The fate of the City of Goleta’s flavored tobacco ban — which was passed by the Goleta City Council last October and subsequently challenged with a referendum petition in December — will be decided by voters in the November election after a 4-1 vote on the action by the City Council during its meeting Tuesday evening.

The ordinance would ban the sale of all flavored tobacco products in Goleta in an attempt to prevent local youths from smoking and becoming addicted to tobacco and nicotine. The city’s ban follows the state’s Senate Bill 793.

SB 793, which was originally signed into law by Gov. Gavin Newsom in August 2020, also would prohibit the sale of flavored tobacco products statewide, but includes some exemptions, such as hookah, loose leaf tobacco and premium cigars.

The state’s ban also will be on the November ballot as it was challenged in the same way as Goleta’s ban.

If passed, Goleta’s flavored tobacco ban with no exemptions would supersede the state’s ban.

Councilman Roger Aceves was the one vote against putting the measure on the November ballot. He said he supports having the state’s measure on the ballot, but he “won’t support having a confusing second [measure] put on by the City of Goleta.”

When the petition was certified as having enough valid signatures, the council had a few different options to proceed — rescind the ordinance, put the ordinance on the ballot of a special June election, or put the ordinance on this year’s November ballot.

While council members expressed not wanting to delay the ordinance taking effect, they ultimately decided that the November election would be a better option to give the council enough time for the campaign and education efforts.

“We’ve worked so hard to place the children and youth at the center of our policy-making. … Why would we go backwards?” Councilman James Kyriaco said. “These are our kids. If we’re not going to stand up for them, who is? Protecting our children and youth and the most vulnerable is the most important job we have on council. Let’s do our job, let’s give the voters the choice, let’s put the flavored tobacco ban on the November ballot.”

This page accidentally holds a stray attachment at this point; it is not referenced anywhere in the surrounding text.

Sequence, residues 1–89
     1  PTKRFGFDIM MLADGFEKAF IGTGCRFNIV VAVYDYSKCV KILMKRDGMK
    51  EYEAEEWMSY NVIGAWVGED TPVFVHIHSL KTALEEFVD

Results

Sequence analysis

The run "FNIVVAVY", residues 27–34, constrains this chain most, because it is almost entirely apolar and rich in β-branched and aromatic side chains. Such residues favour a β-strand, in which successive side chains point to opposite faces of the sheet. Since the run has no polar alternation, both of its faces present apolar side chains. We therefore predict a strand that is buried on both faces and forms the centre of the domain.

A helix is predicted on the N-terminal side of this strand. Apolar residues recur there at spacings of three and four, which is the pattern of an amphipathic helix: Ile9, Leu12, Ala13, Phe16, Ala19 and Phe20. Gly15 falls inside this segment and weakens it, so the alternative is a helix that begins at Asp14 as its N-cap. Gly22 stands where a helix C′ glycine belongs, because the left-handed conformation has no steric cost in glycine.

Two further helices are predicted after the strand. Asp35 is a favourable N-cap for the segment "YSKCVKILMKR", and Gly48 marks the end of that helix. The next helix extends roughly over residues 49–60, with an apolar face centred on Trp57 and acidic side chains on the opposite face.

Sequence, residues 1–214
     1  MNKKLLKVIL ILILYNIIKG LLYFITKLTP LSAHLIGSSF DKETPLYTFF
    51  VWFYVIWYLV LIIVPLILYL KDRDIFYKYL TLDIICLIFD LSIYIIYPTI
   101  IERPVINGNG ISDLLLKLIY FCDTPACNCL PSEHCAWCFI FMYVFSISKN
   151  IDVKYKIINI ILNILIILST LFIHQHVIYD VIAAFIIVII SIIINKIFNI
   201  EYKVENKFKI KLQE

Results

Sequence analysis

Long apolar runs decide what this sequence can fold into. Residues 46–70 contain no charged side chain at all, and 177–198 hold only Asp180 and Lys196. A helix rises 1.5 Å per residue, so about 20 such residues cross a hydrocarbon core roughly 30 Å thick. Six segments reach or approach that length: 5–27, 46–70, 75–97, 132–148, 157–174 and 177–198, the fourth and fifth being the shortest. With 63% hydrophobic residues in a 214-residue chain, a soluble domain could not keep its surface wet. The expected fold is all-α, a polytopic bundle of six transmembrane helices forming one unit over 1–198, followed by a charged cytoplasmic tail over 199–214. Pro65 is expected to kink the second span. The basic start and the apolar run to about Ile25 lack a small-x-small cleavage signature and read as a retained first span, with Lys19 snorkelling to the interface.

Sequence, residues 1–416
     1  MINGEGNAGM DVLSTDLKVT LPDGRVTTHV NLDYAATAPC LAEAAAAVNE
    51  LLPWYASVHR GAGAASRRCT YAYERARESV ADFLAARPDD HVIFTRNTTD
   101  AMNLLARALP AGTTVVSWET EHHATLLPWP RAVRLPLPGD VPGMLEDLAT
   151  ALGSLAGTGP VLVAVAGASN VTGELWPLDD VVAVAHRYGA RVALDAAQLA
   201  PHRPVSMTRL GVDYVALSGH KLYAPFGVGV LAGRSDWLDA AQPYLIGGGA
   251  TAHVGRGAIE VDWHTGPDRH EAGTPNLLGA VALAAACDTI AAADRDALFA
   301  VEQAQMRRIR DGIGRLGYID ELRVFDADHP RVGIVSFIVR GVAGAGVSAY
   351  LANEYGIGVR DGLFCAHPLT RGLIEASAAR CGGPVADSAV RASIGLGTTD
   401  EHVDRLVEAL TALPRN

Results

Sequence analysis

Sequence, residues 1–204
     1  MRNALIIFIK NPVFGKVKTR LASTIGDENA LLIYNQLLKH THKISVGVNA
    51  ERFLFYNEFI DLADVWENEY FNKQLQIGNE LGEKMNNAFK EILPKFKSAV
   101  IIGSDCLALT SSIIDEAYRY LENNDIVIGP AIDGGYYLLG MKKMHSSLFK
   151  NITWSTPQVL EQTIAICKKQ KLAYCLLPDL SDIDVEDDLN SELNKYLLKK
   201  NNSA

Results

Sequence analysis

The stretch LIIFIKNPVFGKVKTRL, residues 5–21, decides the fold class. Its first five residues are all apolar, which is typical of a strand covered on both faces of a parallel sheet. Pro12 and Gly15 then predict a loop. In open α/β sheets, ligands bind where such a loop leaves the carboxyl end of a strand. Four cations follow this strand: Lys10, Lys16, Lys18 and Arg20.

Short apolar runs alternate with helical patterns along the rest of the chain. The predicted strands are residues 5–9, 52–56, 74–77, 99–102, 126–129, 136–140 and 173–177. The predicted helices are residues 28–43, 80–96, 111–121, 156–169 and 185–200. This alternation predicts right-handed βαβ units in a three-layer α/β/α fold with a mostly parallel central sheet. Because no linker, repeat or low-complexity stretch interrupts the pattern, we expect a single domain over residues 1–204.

While each public comment during Tuesday’s meeting was in support of the flavored tobacco ban, previous meetings on the matter attracted several individuals and groups against the ordinance, including local tobacco retailers and individuals who use hookah as part of their cultural practices.

When signatures were being gathered for the referendum petition, the City Council said that several residents expressed concern of being misled by the petition, leading them to believe they were signing a petition in support of the flavored tobacco ban rather than challenging it.

“It appears that [the tobacco industry] has their eyes set on Goleta at this point,” Councilman Kyle Richards said. “It appears that they were contributing to the signature drive and, I would say, the dirty tactics to get signatures from people that were well-meaning but not very informed. … Clearly they would be willing to use these dirty tactics again and they’ll do as much as they can to confuse and obfuscate our process.”

More than 100 jurisdictions in California have passed ordinances prohibiting the sale of flavored tobacco products, including Santa Barbara County and neighboring cities of Santa Maria, Carpinteria and Guadalupe.

According to the item’s staff report, only one jurisdiction — the City and County of San Francisco — has had its ordinance challenged; however, voters decided against the referendum and the ordinance was then approved.

The cost of putting this measure on Goleta’s November ballot will be $25,000 to $35,000, as well as $4,500 to $7,500 for city staff time.

Noozhawk staff writer Serena Guentz can be reached at Follow Noozhawk on Twitter: @noozhawk, @NoozhawkNews and @NoozhawkBiz. Connect with Noozhawk on Facebook.